The Netherlands

How a floating radar prevents birds and bats from colliding with offshore wind farms

The Hague-based company Robin Radar is offering a floating radar that prevents birds and bats from colliding with the turbine blades of offshore wind farms to wind farm developers all over the world in order to create eco-friendlier wind farms.
How a floating radar prevents birds and bats from colliding with offshore wind farms
Floating radar. Courtesy of Robin Radar.

When large numbers of birds are approaching future wind farm Ecowende, located about 53 kilometres off the Dutch coast, wind turbines can be shut or slowed down automatically on demand for a while. To prevent bird mortality by collision, Robin Radar Systems was asked by the wind farm developer to supply an alert system, combining a radar, a camera, sensors and AI software that will eventually be deployed on this wind farm in the North Sea.

“During high peaks of bird migration they can shut down the turbine in real-time” said Sibylle Giraud, VP Wind, Environmental and Civil aviation practices at Robin Radar Systems. “These tools allow operators to find the right balance between maximising the energy production of the wind farm and at the same time minimising the risk of collision with birds or bats.”

More wind farms are being built than ever before. In the Dutch part of the North Sea alone, at the end of 2023 a total capacity of 4,7 Gigawatts offshore wind farms were operational.

“The exponential growth of wind farming in The Netherlands is huge” added Ms Giraud. “The amount of investments is unseen in Europe and worldwide. There is a high risk of collision. Many birds migrate at night, have no visibility and fly at the level of the turbines. That’s when collisions can happen, also with protected species.”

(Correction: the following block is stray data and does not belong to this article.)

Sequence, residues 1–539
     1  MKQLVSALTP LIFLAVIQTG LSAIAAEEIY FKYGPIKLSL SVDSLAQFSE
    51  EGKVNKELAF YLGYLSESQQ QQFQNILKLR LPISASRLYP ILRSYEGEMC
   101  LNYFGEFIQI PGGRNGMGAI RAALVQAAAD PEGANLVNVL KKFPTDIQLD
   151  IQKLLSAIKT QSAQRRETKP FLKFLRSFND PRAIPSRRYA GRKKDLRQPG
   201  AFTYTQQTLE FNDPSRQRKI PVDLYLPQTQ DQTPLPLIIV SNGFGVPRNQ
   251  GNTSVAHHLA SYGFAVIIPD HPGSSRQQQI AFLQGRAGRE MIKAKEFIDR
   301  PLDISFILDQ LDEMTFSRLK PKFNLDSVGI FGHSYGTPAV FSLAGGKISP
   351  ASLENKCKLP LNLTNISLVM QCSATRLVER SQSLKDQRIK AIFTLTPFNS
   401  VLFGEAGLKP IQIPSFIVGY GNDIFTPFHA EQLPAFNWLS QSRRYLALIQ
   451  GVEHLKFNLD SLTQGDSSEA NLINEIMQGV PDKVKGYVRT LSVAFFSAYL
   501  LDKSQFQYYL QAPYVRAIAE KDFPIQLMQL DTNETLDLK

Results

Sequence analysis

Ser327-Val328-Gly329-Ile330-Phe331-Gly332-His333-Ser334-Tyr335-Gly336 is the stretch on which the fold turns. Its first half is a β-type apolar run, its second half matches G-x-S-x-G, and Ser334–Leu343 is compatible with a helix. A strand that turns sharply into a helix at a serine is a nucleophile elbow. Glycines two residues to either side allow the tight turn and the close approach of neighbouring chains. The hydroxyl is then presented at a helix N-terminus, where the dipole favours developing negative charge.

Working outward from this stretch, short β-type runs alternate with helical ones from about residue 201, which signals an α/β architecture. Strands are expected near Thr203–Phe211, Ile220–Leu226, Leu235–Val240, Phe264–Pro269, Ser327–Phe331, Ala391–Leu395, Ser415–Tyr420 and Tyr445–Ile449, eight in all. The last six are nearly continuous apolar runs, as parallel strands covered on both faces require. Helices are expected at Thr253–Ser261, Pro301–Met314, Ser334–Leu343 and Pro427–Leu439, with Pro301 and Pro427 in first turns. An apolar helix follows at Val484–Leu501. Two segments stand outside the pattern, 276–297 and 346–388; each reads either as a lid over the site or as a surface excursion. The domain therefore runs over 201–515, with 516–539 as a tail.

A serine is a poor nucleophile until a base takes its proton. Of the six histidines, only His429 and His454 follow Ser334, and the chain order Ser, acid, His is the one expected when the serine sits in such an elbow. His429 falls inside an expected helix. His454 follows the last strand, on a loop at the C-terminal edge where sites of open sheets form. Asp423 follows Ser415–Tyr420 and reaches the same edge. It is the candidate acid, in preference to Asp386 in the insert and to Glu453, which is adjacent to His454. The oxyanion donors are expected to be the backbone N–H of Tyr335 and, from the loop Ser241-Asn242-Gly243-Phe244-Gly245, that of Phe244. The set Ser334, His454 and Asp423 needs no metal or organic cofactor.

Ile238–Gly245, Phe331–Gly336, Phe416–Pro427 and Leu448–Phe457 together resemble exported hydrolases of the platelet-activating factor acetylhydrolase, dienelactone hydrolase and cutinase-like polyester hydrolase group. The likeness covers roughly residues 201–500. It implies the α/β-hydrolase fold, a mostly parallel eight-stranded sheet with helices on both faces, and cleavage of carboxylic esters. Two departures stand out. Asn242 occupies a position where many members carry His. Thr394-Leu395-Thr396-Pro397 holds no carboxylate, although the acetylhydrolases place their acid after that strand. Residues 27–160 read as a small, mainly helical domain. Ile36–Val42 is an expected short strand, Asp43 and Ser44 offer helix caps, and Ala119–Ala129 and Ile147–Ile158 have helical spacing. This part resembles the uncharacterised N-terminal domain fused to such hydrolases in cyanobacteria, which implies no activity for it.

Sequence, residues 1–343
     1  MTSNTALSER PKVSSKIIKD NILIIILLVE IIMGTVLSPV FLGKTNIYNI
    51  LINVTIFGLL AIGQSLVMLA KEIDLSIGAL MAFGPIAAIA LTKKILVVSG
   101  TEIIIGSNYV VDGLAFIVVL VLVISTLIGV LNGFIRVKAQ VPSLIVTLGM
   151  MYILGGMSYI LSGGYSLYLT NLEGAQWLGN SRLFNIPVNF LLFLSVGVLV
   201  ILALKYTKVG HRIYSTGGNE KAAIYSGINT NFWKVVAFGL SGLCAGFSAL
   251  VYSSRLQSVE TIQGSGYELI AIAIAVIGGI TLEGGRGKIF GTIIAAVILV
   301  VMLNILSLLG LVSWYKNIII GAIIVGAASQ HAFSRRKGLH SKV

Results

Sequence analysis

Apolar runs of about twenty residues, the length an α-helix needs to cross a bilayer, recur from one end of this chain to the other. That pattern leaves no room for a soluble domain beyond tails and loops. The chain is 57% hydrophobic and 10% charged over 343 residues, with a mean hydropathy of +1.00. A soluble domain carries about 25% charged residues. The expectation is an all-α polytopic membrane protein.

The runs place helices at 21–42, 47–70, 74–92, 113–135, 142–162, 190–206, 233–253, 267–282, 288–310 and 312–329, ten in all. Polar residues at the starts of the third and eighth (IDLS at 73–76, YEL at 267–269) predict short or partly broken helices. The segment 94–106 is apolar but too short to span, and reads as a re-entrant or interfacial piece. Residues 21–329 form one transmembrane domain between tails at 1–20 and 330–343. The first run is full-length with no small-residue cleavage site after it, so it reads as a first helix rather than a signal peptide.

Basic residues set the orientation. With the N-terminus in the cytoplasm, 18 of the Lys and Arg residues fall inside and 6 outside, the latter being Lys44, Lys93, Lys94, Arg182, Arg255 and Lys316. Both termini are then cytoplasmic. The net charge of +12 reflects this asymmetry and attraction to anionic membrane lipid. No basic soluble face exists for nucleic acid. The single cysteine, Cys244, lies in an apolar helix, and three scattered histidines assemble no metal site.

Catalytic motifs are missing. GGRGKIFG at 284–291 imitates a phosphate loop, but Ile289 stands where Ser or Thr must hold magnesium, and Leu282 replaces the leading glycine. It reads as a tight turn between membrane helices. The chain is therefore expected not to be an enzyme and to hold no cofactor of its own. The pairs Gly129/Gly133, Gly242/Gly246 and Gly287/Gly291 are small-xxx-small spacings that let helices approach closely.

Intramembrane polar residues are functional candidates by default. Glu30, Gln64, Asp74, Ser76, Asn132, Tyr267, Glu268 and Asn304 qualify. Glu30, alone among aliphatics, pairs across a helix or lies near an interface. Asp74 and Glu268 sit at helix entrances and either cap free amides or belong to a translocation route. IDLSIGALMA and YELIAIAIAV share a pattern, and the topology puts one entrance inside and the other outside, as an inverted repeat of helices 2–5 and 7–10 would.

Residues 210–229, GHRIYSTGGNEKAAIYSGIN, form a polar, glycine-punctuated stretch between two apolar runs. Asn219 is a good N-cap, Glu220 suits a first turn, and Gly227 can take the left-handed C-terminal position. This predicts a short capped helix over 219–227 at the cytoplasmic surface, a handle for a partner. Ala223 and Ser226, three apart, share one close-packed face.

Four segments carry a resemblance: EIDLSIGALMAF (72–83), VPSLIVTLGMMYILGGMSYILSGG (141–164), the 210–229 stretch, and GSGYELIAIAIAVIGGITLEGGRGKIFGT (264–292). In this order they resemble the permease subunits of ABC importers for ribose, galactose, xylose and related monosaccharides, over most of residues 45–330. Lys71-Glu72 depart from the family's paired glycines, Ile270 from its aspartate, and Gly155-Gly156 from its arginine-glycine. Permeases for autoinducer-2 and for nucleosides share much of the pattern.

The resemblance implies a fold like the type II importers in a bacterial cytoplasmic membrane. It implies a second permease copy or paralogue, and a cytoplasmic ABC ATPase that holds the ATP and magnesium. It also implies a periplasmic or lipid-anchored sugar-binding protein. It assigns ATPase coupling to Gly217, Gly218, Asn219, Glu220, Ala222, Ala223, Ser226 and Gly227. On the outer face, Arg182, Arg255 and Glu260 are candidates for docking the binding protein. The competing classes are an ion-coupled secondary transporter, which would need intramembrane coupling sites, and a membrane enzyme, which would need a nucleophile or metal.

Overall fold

According to Ms Giraud’s company there is an urgent need to mitigate the impact of wind farms on birds and bats and avoid death by collision. That includes monitoring and shutdowns if birds or bats are approaching the turbine blades.

Measuring how many birds and bats collide with turbine blades is difficult. Several studies – mostly held at onshore wind farms in the US – estimate between 140,000 and 679,000 birds die because of wind turbine collisions each year. In other studies estimates range from 4 to 18 birds killed per turbine per year. A study by the International Union for Conservation of Nature (IUCN) concluded that most estimates of seabird collision so far are based on theory rather than empirical evidence, because of the difficulties of monitoring and carcass collection offshore. On bat mortality, there are almost no reliable data, but it’s clear wind farms also pose a danger to migrating bats.  

To prevent and avoid bird mortality, radar assisted shutdown has proven to be very effective, studies in Portugal showed. Almost no birds died during five consecutive autumns and shutdown periods ranged from 0.2 to 1.2 percent of a year’s wind farm activity. IUCN states that a combination of cameras and radar systems detection, paired with automated analysis of the images by AI, and followed by shutdowns, can be effective in reducing bird and bat mortality at offshore wind farms. That is exactly what Robin Radar Systems and its partners MIDO and DHI are aiming for.

The three companies are combining their advanced detection systems and data collection. That includes Robin Radar’s MAX bird and bat radar systems, Danish company DHI’s camera’s, sensor integration and artificial intelligence (AI) species recognition solution MUSE, and Spanish company MIDO’s floating platform FLORA 1, a wave energy convertor generating all the power the systems needs. The technologies will be deployed at Dutch offshore wind farm Ecowende, based in Rijswijk, and according to Ecowende the most ecological wind farm yet. 

The floating platform with the bird and bat monitoring system will be operational at the end of this year. From then on it will be collecting and providing data 24/7 and monitoring all birds across the wind farm. It will be the first floating system with such a radar in the world.

For additional information:

Robin Radar

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